3: Chiron. Meanwhile, the fleeing centaurs gather around Chiron, the wisest and most famous centaur of them all. Chiron is a “good” centaur in that he generally doesn’t abduct people’s wives, he’s the immortal son of a god, he’s friendly towards humans, and he’s also Hercules’ good friend. That doesn’t stop Hercules from launching more poison arrows at them, one of which hits Chiron in the knee. Hercules feels really bad about this and tries to give Chiron some medicine, but it doesn’t work. Chiron, being immortal, can’t die. But the pain from the poison is so unbearable that he ends up trading his immortality to Prometheus, which I guess is something you can do. He dies and becomes a constellation or two (Centaurus and Sagittarius are both centaurs; different traditions say both or either represent him). The surviving centaurs flee again. One of them is…
4: Nessus. Nessus has been present at all of the events thus far, and just can’t seem to catch a break. That doesn’t really change now, although he does get his revenge in the end. Predictably, Nessus tries to abduct Hercules’ wife Deianira, because abducting wives is just what centaurs do. Hercules talks a bunch of trash to him about how he’s Hercules and abducting his wife just isn’t going to fly, then shoots him with a poison arrow dipped in Hydra venom. Nessus dies, but with his dying breath he gives Deianira his centaur-blood-stained vest and says it can “rouse love’s passion” (aka make Hercules very horny). For some reason she trusts him enough to hang onto the vest. Some years later, Hercules is having an affair with a woman named Iole. Deianira gets jealous and tries to “rouse his passion” by making him wear the blood-stained centaur vest. Hercules puts the vest on and dies a pretty agonizing death because of the Hydra venom.4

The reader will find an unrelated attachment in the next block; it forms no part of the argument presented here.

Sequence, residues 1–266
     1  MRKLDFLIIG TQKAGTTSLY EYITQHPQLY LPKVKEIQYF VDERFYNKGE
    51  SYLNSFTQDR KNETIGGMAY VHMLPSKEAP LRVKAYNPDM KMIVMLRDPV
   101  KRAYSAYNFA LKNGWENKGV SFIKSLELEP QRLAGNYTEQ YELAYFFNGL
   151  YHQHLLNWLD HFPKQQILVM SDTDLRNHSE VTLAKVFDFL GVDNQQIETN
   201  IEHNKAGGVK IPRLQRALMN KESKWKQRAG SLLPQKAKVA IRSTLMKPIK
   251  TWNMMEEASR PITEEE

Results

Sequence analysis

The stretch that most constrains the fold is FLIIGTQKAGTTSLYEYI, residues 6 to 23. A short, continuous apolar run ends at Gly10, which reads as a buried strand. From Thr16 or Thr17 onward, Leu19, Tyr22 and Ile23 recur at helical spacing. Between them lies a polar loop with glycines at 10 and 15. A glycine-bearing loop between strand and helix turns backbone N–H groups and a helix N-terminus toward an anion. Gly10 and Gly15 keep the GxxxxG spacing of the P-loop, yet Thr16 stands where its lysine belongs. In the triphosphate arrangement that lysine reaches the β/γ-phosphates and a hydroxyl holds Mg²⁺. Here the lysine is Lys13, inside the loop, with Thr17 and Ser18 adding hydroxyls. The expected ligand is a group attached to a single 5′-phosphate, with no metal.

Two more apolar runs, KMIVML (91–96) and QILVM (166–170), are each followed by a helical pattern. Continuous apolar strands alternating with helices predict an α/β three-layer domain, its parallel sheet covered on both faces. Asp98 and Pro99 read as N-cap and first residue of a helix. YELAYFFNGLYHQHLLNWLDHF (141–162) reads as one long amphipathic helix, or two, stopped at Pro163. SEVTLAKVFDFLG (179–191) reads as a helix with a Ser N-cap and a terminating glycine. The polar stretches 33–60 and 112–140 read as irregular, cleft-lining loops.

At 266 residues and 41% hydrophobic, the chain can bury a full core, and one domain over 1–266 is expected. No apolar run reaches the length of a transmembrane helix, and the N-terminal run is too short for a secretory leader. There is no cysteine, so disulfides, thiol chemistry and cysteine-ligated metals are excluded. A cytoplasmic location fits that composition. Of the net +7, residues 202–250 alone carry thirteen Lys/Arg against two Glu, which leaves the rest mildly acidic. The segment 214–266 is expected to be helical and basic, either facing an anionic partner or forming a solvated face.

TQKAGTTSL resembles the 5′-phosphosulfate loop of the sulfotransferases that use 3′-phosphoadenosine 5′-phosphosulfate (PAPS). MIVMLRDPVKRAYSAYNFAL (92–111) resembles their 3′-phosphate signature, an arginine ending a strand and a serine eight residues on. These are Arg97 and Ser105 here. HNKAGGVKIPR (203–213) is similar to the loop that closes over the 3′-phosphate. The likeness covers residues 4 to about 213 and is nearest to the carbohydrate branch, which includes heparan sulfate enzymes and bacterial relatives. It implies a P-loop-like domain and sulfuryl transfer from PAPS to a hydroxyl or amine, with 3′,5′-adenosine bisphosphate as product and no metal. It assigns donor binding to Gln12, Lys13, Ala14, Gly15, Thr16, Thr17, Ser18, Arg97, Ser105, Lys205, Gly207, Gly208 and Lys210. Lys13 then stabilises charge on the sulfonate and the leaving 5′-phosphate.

5: Eurytion. If you were to guess “he abducts someone’s wife then is killed by Hercules” you’d be wrong. He merely tries to marry someone’s daughter by force and then is killed by Hercules, thus cementing the timeless lesson: “If you’re a centaur, don’t hang out with Hercules.”
6: Hylonome. The best-known female centaur. Surprisingly not killed by Hercules. Her husband (also a centaur) is killed by a javelin during the Centauromachy battle (she’s pictured in the center of the painting above holding him). She’s so heartbroken that she pulls the javelin out and kills herself with it before Hercules has a chance to get to her.
Addendum, Part II: How to Survive as a Centaur
From the stories above, we can draw a few valuable lessons to follow if you’re a centaur and want to live:
Don’t hang out with Hercules. Whether intentional or not, he will end up killing you, probably with Lernaean Hydra-poisoned arrows.
Don’t drink wine. Don’t even smell wine. Bad things happen when you mix centaurs and wine.
Keep a phial of Lernaean Hydra antivenom on you at all times. See lesson #1 above.
Don’t go to weddings. If you do go to a wedding, don’t abduct anybody. The latter also applies to non-centaurs.
Ovid, Metamorphoses, Book XII, http://classics.mit.edu/Ovid/metam.12.twelfth.html
Hercules is the Roman name for the Greek hero/demigod Heracles.
Apollodorus, Library, 2.5.4. Traditionally attributed to Apollodorus, but probably not written by him. http://www.perseus.tufts.edu/hopper/text?doc=Perseus%3Atext%3A1999.01.0022%3Atext%3DLibrary%3Abook%3D2%3Achapter%3D5%3Asection%3D4
Ovid, Metamorphoses, Book IX, http://classics.mit.edu/Ovid/metam.9.ninth.html